Bilal Hussein, an Iraqi photographer working for the Associated Press, will be released on Wednesday after being held by US military for more than two years on suspicion of aiding insurgents.
An Iraqi news photographer who has been held for more than two years on suspicion of aiding insurgents will be freed this week following an amnesty ordered by Iraqi authorities, the
Bilal Hussein, a photographer with the Associated Press, will be released from
"After the action by the Iraqi judicial committees, we reviewed the circumstances of Hussein's detention and determined that he no longer presents an imperative threat to security," said Major General Douglas Stone, the deputy commander for detainee operations.
"I have therefore ordered that he be released from coalition force custody," Stone said.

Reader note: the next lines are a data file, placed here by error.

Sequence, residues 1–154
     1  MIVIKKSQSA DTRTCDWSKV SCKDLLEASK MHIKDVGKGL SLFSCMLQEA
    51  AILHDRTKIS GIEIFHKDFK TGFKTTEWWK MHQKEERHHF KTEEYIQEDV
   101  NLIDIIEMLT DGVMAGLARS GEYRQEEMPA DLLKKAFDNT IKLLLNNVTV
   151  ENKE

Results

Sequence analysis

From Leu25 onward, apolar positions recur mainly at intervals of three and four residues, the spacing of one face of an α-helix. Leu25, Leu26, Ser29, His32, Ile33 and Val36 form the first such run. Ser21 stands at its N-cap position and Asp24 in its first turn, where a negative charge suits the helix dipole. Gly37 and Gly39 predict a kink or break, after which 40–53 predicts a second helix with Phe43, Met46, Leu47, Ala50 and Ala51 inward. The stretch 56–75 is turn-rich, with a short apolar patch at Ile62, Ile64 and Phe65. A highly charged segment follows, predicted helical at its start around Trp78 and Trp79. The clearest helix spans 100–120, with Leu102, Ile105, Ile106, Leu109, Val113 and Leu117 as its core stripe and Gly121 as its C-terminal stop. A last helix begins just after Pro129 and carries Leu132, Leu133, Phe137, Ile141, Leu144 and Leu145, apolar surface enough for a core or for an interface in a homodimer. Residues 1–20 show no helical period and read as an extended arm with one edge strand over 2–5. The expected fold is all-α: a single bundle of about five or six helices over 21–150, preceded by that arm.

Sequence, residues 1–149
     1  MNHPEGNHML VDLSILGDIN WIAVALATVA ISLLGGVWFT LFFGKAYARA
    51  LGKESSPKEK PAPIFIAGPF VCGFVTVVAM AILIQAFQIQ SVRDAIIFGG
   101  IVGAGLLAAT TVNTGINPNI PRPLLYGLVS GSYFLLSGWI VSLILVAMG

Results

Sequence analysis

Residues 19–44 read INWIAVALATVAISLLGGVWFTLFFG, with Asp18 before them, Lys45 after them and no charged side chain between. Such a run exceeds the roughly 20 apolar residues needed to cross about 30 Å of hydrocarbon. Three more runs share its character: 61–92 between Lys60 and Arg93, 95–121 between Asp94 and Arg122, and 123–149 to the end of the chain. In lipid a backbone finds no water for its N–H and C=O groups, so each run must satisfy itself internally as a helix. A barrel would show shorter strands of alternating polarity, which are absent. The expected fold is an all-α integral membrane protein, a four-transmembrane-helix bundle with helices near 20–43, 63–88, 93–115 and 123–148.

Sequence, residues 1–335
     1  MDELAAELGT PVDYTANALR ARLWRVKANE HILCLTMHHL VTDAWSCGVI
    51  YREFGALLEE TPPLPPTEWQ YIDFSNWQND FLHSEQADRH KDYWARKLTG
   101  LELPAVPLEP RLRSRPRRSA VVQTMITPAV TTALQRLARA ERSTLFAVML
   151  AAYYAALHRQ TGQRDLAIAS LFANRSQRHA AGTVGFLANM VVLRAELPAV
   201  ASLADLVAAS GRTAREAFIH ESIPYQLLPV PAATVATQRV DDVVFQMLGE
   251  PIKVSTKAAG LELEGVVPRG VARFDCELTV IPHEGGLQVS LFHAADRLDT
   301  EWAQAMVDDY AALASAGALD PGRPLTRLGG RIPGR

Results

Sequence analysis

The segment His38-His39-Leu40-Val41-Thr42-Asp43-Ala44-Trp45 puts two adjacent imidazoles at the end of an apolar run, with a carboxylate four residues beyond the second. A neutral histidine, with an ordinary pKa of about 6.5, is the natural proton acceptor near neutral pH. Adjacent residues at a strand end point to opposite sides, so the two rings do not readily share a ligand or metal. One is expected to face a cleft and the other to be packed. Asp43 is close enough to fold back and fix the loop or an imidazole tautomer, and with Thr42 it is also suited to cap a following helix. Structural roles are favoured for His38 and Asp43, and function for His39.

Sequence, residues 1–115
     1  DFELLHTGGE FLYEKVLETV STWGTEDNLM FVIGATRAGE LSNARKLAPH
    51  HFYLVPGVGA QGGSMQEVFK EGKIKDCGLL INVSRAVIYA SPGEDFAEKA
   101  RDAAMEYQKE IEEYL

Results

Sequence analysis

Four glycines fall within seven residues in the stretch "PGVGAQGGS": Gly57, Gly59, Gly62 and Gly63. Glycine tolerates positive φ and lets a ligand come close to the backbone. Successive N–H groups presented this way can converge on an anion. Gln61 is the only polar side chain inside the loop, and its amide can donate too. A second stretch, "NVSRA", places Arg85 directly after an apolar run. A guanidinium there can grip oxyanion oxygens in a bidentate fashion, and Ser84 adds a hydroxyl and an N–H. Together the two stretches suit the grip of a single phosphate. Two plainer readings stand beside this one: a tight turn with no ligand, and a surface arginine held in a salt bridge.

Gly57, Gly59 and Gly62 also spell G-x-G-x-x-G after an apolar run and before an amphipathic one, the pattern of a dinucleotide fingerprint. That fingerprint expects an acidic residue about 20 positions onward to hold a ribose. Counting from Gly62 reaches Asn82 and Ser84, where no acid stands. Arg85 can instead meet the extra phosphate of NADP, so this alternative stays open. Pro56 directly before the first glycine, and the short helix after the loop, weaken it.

Hussein was detained April 12, 2006 after marines entered his house in Ramadi to establish a temporary observation post and allegedly found bomb-making materials, insurgent propaganda and a surveillance photograph of a
But the terrorism charge was dismissed April 7 by an Iraqi judicial committee responsible for implementing an amnesty law, and the kidnapping charge was dismissed by a separate judicial committee on April 13.
AP executives, defending Hussein as a journalist doing his job, have argued that the
Hussein was part of an AP photography team that won a Pulitzer Prize in 2005 for their coverage of the
AP president Tom Curley expressed gratitude for the Iraqi rulings.
"We look forward to Bilal's safe return to his family and to AP," he said in a statement Sunday.
Date created : 2008-04-15